Wednesday 7 December 2016

Kenny not in favour of banning corporate donations

Fionnan Sheahan Political Editor

Published 08/04/2010 | 05:00

FINE Gael leader Enda Kenny is not in favour of banning corporate donations.

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His party's environment spokesman, Phil Hogan, says Fine Gael "agrees with companies being able to support political parties to the limits that they have been up to now".

Mr Kenny wants to introduce greater transparency by having parties publish the annual accounts.

However, the party also believes some individuals or companies won't want it to be known they are contributing to political parties.

Donations over €5,000 have to be declared to the state ethics watchdog -- the Standards in Public Office Commission. Parties cannot accept donations above €6,350 from the same donor in the same year.

Fine Gael has enjoyed great success in bringing in small sums from supporters. Well over half of the party's fundraising comes from its extremely successful national draw, the takings from which are set to pass the €10m mark this year.

Strategist

Crucial to the rejuvenation of the party was the behind-the-scenes work of the party's fundraising team.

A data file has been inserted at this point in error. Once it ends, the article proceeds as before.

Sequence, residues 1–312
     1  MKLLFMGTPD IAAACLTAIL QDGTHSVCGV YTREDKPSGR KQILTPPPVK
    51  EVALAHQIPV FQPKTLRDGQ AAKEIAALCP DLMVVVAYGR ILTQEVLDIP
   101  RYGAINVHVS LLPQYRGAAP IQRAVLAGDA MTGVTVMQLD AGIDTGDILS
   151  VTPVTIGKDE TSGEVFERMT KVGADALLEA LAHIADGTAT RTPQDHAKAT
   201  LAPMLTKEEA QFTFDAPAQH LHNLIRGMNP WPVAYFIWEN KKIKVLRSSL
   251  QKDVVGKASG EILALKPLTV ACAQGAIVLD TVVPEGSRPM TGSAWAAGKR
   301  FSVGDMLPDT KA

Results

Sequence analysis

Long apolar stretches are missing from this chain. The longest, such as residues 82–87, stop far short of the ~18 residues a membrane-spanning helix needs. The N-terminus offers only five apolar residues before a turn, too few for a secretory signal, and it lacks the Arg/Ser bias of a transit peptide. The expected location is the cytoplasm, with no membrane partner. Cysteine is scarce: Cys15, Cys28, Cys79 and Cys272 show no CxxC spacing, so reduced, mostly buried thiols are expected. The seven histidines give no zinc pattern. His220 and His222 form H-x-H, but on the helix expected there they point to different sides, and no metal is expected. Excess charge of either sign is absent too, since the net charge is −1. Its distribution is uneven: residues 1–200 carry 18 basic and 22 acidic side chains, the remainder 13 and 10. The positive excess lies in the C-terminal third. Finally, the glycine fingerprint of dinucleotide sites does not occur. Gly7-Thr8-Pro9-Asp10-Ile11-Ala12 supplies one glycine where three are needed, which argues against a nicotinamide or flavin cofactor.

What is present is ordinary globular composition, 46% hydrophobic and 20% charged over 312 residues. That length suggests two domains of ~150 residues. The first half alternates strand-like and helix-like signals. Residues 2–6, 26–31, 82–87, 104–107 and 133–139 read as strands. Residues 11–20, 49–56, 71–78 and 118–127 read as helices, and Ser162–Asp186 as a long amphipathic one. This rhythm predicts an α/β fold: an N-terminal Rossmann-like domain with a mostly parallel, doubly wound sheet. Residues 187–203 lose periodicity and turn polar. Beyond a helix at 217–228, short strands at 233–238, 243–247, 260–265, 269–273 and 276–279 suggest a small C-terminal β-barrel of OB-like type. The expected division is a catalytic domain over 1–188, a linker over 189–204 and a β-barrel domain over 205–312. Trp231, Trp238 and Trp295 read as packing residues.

The report by FG strategist Frank Flannery on how to revive the party's fortunes after the 2002 general election singled out fundraising.

Under Michael Noonan's leadership, the party had shunned any corporate donations, but Mr Kenny reversed this policy.

"You can't take on Fianna Fail with one hand tied behind your back," a party source said.

Mr Flannery recommended hiring a full-time fundraiser to ensure the party's approach to bringing in money was professional.

The party poached Anne Strain, then a fundraising executive with the Alzheimer Society of Ireland, in late 2002.

The livewire fundraiser transformed the party's money-raising capabilities with a range of events, including the revamped national draw, a Presidential dinner and golf classics.

Working off the sympathy arising from the near demise of the party, the Fine Gael leadership engendered a spirit of assisting the fightback.

Mr Kenny made it clear to supporters that funds were needed to take on Fianna Fail.

Ms Strain's major success is the national draw which has brought in €9.3m in ticket sales over the last eight years.

Last year, the party sold 15,395 tickets at €80 a pop. The bulk of the sales are repeat sales, with members and supporters signed up year-on-year.

Irish Independent

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